Mozambique’s capital Maputo is described as one of southern Africa’s prettiest cities. With old colonial buildings and lively waterfront, it is well worth a stopover to refill and refuel.
Thanx to maps.me, I navigated Zimba easily to Fatima’s Backpackers through a typical bustling African Metropole. Helen from New Zealand, who arrived shortly before me, was interested to join me for a wander through the city. Walking and talking, we arrived at the huge and confusing double roundabout, ‘Praça da Independēncia’.
Overlooking this traffic confusion with his finger in the air, was the impressive statue off ‘Samora Machel’, who very much looked like the Cuban legend Fidel Castro. Communism sure played its role in Mozambique history, most concrete building blocks looked like East Berlin after the wall came down. Portuguese colonial buildings were largely neglected, no time and money for restoration.
The train station is in the worlds top ten prettiest train stations though.
Old steam trains remind of bustling times of old when the Portuguese traded zinc and wood with South Africa.
The waterfront had been pepped up and is a great spot to watch the sunset over the newly built, not yet opened, bridge over to Machangulo Peninsula.
Helen had a job lined up in Tofo, the dive capital of Mozambique. She has numerous dive certificates which includes ‘dive master’. I offered her a lift, as Tofo/Barra was my next destination. We left, not very early, next morning to cruise the 380 km’s up north. Being warned about corrupt police along the way, I strictly stuck to the mostly 60 km/h speed limit. I did get pulled over once by a friendly older officer, who asked us how we are and where we were going. Not even asking for driver license or compulsory fire extinguishers, warn triangle and reflective vests. He just wanted to chat. There were plenty of police controls all along, but we got friendly waved through.
Driving after sunset made driving conditions difficult. People, a lot of kids were still walking from school, bicyclists without lights, cars and trucks with either too much or insufficient lights were either driving to fast or too slow. All went well and we arrived safely at ‘Pariango Beach Backpackers’ in Tofo. German owner Jochen greeted us friendly and allowed me to camp on the property, right next to the pounding waves on the beach.
Straw roof huts cater for individuals or couples, dormitories and camping as a cheaper option. The surf shack to the left offers surfing lessons, a restaurant/cafe to the right for healthy tasty meals with a view over the ocean. A vibrant and chilled atmosphere.
Helen got up early too and we watched the sunrise with coffee and banana. She went off to meet her future employer, whilst I jumped into the clear waters of the bay. This little town is built for tourism.
Every building along the waterfront had accommodation of some sort. But there weren’t too many tourists around and locals were desperate to sell their product. A little too pushy for my liking.
I decided to stay a night in Barra, about 15 km’s north. A smaller village with less party atmosphere.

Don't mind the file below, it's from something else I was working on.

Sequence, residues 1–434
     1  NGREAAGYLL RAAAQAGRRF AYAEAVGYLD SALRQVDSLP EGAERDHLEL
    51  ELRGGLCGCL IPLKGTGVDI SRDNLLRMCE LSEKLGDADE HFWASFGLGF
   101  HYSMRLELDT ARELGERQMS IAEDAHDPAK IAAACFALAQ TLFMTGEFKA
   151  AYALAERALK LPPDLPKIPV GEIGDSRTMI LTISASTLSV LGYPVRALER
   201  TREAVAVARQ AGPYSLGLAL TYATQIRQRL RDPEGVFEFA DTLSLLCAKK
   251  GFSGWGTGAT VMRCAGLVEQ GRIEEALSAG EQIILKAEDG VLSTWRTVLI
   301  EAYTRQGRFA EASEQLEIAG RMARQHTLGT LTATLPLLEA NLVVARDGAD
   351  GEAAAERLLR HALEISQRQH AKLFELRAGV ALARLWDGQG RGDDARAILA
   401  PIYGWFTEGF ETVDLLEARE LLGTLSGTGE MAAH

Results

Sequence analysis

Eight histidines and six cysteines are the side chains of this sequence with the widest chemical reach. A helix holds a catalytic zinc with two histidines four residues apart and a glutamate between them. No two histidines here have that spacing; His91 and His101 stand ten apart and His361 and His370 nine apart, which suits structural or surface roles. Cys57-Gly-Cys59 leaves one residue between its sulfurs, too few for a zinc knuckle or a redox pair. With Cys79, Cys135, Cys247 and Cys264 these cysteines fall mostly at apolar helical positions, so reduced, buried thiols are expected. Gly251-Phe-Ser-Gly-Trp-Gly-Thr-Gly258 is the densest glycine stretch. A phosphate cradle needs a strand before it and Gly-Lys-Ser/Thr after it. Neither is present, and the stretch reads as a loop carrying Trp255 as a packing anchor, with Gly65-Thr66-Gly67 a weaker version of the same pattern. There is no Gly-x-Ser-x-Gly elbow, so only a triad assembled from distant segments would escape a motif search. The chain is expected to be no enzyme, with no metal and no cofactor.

Plenty of resorts lined the beachfront as well, with not many tourists being around. Yet, more and more are being built. It appeared that a new resort opened at the same time another closed down.
Dhows were sailing the swift winds. I mapped out a campground at the lighthouse, right by the beach.
Driving along a sandy 4 WD track, passing more luxury accommodation options with little communities settled in between palm trees, I reached the lighthouse and the caravan park.
Or what’s left of it. The office building was in ruins and no one anywhere near to be seen. Even better serenity.
Walking along the beach, some of the resorts are closely built on the edge of the water, that in time the buildings will be washed out.
Crossing inland, locals looked surprised to see a white man walking the sand tracks.
The small communities in between palm trees seem quite tranquil, but living here is just as tough as anywhere else in Mozambique. But kids were happily playing and giving me the thumbs up.
A high five followed after I showed them their photos. Really cute.
Watching the sunset over meanwhile choppy waters as the wind picked up, I am always looking for another objective to add to sun and waters. I found a tree stump throwing a shadow only on receding waves, not on dry sand.
It looked quite intriguing. Watching the almost full moon rise in tranquil surroundings was bliss.
Until the lighthouse keeper scared the living jeepers out of me. He appeared out of nowhere from the darkness without a light and stood all over sudden in front of me. He asked for 200 Meticais as camping fee, a fair price for tranquility.
I was up for sunrise and opted for a walk along this beach. A nice way to start the day. It was still very windy though.
Being back at Zimba, a local woman appeared out of nowhere, selling locally baked and fried specialties, as well as bananas and mandarins.
The lighthouse keeper told her, that I was camping here. She takes the bus every day from Inhambane to Barra to sell some bread and fruits for a living. Life is tough in Mozambique, jobs, and money hard to come by.
She was very outgoing, happy and friendly and came all the way from Inhambane! How could I resist this home delivery service. A few photos were included in the price, priceless.